Malatya Haber One treat at a time
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One treat at a time

By Trent Loos

I was quick to volunteer my assistance with a great promotion because I have been known to frequent every Dairy Queen in my path. However, this time it was for a good cause, not simply my infatuation with Blizzards. From Nov 4 to 10, every Dairy Queen in the state of South Dakota (34) volunteered to donate $1 for every hamburger sold to the Ranchers Relief Fund. The final figures are not in yet but it appears the total donation will be somewhere around $60,000.

I did what I could as I drove through South Dakota to Winnipeg that week. I was able to stop at five different DQs on my trip and I ate a bacon cheeseburger at each one. That is a very good burger, by the way.

I realize that $60,000 will not put a dent in the multi-million dollar impact of the early blizzard our friends in South Dakota and Nebraska endured, but it does speak volumes about rural America stepping up to the plate to help our neighbors.

I would like to point out that we have not heard any requests for legislation to stop Climate Change coming from these ranch states like we hear from the Philippines. We simply see people trying to find a solution to deal with what Mother Nature has handed us.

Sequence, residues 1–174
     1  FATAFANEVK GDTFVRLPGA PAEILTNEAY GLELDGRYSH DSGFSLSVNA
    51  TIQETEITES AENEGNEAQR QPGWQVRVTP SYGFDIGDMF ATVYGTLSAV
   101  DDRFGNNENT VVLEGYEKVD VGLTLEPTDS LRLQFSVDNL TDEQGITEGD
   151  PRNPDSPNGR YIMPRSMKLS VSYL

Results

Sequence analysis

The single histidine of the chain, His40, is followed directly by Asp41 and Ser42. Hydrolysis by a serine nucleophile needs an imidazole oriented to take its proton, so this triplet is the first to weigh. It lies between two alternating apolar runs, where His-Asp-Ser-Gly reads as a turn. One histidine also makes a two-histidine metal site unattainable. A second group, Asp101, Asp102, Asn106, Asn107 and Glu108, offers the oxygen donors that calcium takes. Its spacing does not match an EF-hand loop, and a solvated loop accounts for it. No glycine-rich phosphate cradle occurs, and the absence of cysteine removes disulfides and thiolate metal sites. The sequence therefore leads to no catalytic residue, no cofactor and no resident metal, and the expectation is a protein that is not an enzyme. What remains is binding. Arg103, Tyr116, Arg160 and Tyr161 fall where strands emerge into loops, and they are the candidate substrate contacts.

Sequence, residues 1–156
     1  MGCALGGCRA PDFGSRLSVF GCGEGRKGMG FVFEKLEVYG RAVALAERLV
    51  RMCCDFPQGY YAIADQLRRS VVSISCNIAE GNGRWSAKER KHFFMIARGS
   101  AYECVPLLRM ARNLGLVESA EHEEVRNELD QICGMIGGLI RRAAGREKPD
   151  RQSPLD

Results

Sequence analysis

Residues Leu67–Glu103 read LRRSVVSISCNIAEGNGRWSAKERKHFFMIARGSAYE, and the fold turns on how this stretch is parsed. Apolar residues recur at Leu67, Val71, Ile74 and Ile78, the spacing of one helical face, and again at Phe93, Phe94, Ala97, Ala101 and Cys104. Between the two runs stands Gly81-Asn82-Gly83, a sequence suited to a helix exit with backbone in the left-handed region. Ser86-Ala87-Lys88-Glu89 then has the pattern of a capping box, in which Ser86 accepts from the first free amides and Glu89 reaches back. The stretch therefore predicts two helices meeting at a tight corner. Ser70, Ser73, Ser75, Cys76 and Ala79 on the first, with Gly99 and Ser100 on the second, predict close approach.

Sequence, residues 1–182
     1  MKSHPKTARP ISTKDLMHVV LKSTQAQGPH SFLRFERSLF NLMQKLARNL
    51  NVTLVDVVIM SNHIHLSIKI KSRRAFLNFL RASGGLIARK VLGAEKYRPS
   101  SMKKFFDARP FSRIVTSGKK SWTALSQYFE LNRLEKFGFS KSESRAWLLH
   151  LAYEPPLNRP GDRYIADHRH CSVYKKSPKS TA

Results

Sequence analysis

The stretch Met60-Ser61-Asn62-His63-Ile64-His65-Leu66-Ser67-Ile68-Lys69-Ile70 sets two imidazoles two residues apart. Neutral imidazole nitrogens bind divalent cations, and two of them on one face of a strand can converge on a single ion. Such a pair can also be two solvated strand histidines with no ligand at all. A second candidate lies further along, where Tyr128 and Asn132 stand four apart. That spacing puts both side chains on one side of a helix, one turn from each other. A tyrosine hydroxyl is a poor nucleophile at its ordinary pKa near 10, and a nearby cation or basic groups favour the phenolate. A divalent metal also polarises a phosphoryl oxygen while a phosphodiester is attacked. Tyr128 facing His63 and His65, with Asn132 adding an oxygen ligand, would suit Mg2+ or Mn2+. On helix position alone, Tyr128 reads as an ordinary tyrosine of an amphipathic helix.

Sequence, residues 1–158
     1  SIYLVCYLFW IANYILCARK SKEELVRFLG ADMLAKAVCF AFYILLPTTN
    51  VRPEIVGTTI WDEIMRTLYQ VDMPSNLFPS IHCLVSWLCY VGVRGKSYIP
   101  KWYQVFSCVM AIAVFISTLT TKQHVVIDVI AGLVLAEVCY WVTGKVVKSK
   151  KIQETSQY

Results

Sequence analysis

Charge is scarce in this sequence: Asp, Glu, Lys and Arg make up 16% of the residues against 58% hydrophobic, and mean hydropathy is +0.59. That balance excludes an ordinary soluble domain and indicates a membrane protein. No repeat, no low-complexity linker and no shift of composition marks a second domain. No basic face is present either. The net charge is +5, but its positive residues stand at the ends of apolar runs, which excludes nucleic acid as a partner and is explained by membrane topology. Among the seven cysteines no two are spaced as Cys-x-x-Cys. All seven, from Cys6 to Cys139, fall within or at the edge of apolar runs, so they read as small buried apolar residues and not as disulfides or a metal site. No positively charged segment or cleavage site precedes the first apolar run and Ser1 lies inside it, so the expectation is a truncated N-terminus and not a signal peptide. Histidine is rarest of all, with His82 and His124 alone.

Those of us closest to the land continue to recognize that the climate does and will always change. The best we can do is find better ways to protect ourselves. I just researched the worst blizzard in the recorded history of the country and nothing tops the blizzard of 1888.

It is reported that 400 people in New York City alone died as a result of that blizzard. In the state of Nevada, the first large cattle ranch had a herd of 36,000 reduced to 165. It was the same blizzard that inspired the artist Charlie Russell to paint the notable “The last of 5,000.”

So anybody who is based in common sense recognizes that these events will continue to happen, and today we handle them better than ever before. If you are one of those that were directly impacted by the storm, undoubtedly you would like to see faster solutions.

My reports on Loos Tales radio about the generosity of the Dairy Queens in South Dakota generated interest from all around the country for projects others needed help with. I, for one, am not going to sit back and wait for some government intervention from a farm bill that may or may not happen. I will continue to find ways for those of us in rural America to help.

If you are interested in helping, contact me or simply go directly to the Ranchers Relief Fund. I believe that if we approach this natural disaster with the proper mindset, we can not only assist our friends in need but capture the attention of the very consumers that we feed every single day.

Like so many of the projects we work on, there is no silver bullet that will immediately remedy the loss of livestock but all of us in agriculture work the long rows knowing that if we continue slow and steady we can fix the problem, one tasty treat at a time!

Editor’s note: Trent Loos is a sixth generation United States farmer, host of the daily radio show, Loos Tales, and founder of Faces of Agriculture, a non-profit organization putting the human element back into the production of food. Get more information at www.FacesOfAg.com, or email Trent at trentloos@gmail.com.

Date: 11/18/2013



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